Stocking the shelves looks a little different during the pandemic at DeMeo’s Wine and Liquor in Troy. The store has been locally owned by Bob DeMeo for 45 years, and Anthony DeRusso-DeMeo has been involved for more than a decade.
What You Need To Know
- Liquor stores are seeing product shortages due to the coronavirus
- Wine production in Italy was impacted during the country's shutdown
- Imported tequila is on backorder across the country due to Mexico seeing a spike in coronavirus cases
- Tariffs are also impacting bottling and shipping on high-end spirits, like cognac
The business was recently deemed essential, like all liquor stores in New York, during the coronavirus shutdown.
“Business has been fantastic throughout the entire pandemic,” DeRusso-DeMeo said. “Things have been flying off the shelves basically since the end of March.”
But now products are hard to come by, as the pandemic stretches into its sixth month. The business is having a hard time restocking some products because of back orders and halted production lines.
“We don’t have a problem with selling the products; it's just, once it’s here, it may be gone tomorrow,” he added.
DeRusso-Demeo says the problem is high-end spirits in glass bottles, like cognac. China is the main producer of glass bottles, so both tariffs and the virus are playing a role in the hold-up.
“With China's virus and some of the trade tariffs that have been put in place, it’s very, very difficult to get the product into the country because we cannot bottle it,” added the owner.
Imported liquors like tequila are on backorder across the U.S. Mexico has stopped much of its production because the country is seeing a coronavirus spike.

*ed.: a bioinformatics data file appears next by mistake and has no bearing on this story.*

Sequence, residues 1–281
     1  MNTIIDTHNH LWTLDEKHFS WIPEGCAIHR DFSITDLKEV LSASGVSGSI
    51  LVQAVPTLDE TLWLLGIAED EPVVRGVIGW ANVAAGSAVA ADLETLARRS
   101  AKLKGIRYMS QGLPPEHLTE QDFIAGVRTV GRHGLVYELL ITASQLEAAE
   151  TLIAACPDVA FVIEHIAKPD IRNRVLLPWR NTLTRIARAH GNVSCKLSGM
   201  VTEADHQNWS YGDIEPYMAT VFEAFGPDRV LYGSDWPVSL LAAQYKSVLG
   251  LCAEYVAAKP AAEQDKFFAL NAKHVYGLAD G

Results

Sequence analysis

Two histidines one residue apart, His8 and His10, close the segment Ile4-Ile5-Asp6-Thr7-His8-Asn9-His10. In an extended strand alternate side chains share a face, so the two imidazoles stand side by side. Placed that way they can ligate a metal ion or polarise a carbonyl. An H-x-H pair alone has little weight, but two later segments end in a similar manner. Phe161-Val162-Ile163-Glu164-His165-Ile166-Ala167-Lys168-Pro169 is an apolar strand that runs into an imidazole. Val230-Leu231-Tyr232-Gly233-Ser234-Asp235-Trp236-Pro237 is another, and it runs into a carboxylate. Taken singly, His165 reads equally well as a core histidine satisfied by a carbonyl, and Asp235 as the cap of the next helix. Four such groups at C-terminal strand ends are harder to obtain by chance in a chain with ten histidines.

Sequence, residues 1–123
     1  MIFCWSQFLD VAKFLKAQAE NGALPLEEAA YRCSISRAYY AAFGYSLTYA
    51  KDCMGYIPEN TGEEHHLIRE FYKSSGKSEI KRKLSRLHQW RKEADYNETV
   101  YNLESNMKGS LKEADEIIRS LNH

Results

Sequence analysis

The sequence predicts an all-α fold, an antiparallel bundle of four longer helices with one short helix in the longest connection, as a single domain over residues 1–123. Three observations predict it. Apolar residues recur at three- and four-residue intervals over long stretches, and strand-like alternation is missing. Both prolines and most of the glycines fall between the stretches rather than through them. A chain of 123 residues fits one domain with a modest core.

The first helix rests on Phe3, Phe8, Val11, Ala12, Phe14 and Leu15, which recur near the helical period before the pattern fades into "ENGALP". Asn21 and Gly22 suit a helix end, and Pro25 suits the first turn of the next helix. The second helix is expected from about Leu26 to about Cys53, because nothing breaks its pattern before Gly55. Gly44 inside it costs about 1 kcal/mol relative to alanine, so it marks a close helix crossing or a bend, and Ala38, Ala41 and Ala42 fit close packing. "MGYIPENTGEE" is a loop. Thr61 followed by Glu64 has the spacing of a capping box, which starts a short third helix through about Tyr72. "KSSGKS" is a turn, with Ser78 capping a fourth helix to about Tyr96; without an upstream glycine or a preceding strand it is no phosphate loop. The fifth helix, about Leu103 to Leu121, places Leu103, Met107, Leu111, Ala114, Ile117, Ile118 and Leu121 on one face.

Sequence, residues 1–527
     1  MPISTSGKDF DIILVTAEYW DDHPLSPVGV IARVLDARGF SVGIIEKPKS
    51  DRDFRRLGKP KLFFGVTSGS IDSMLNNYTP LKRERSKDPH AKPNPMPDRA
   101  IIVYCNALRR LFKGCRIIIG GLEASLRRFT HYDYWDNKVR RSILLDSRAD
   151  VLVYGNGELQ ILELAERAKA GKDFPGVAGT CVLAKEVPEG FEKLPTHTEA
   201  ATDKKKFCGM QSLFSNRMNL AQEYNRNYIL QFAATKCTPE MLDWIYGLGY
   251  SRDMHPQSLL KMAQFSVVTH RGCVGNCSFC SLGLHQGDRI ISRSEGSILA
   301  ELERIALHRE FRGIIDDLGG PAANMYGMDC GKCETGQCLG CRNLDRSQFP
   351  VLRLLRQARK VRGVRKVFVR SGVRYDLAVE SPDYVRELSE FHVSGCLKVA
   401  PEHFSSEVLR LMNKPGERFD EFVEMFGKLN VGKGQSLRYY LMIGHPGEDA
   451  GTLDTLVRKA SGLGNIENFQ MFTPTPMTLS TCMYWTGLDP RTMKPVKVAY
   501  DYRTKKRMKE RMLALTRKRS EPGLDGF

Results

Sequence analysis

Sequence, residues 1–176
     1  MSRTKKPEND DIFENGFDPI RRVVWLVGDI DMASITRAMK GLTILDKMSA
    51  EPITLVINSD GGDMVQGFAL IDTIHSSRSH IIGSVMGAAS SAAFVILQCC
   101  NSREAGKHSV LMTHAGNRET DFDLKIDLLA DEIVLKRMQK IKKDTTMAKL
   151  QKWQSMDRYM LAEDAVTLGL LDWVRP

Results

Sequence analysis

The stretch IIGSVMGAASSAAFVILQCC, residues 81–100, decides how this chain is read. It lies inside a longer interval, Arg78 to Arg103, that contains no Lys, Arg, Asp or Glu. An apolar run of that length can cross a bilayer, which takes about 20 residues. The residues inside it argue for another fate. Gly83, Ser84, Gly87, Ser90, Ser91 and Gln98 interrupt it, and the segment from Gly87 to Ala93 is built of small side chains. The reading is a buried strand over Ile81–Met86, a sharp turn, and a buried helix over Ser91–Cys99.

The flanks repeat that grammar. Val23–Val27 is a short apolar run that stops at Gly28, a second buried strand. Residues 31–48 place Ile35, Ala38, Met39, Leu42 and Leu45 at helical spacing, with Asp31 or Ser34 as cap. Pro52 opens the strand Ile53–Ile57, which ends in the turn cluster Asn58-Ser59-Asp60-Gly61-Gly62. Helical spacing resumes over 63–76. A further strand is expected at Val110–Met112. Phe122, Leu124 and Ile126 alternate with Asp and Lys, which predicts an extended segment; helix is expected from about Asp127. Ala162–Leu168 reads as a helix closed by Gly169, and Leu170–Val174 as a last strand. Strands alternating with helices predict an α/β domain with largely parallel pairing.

“This one’s making people panic, as it’s prime tequila season,” said DeRusso-DeMeo. “Products just aren’t coming in, whether it’s the virus itself or the production facility.”
Over in the wine section, it’s no different. Imported Italian wines are limited, as Italy’s shutdown took place during vineyards’ growing season. Wines from areas like Tuscany are hard to come by, but the effects weren’t seen in the U.S. right away.
“Most of the products were warehoused, already in the United States, but now with months of no new supply coming in, we’re starting to run low,” he said.
It’s not yet known what this may mean for liquor prices. But DeMeo’s says it will try to keep pricing consistent.
“We’re trying to keep our prices exactly where they are, even if we have to absorb more of the cost,” he said.
And while it may be hard to find your favorite drink on the shelves for quite some time, DeRusso-DeMeo says now’s the best time to try local.
“Maybe this is the good time to try something new, you may like it, you may not like it," he said. "But it also may support a smaller vineyard or a local vineyard.”